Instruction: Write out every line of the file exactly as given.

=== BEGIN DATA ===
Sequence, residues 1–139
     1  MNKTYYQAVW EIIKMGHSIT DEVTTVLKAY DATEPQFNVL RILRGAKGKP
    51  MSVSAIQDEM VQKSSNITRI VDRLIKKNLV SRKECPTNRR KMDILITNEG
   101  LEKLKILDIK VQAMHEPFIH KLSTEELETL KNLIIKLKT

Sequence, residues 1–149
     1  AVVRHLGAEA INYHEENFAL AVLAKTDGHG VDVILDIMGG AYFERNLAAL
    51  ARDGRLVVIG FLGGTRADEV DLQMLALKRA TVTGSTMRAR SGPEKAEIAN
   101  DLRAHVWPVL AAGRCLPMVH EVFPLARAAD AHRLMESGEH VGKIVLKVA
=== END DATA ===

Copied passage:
Sequence, residues 1–139
     1  MNKTYYQAVW EIIKMGHSIT DEVTTVLKAY DATEPQFNVL RILRGAKGKP
    51  MSVSAIQDEM VQKSSNITRI VDRLIKKNLV SRKECPTNRR KMDILITNEG
   101  LEKLKILDIK VQAMHEPFIH KLSTEELETL KNLIIKLKT

Sequence, residues 1–149
     1  AVVRHLGAEA INYHEENFAL AVLAKTDGHG VDVILDIMGG AYFERNLAAL
    51  ARDGRLVVIG FLGGTRADEV DLQMLALKRA TVTGSTMRAR SGPEKAEIAN
   101  DLRAHVWPVL AAGRCLPMVH EVFPLARAAD AHRLMESGEH VGKIVLKVA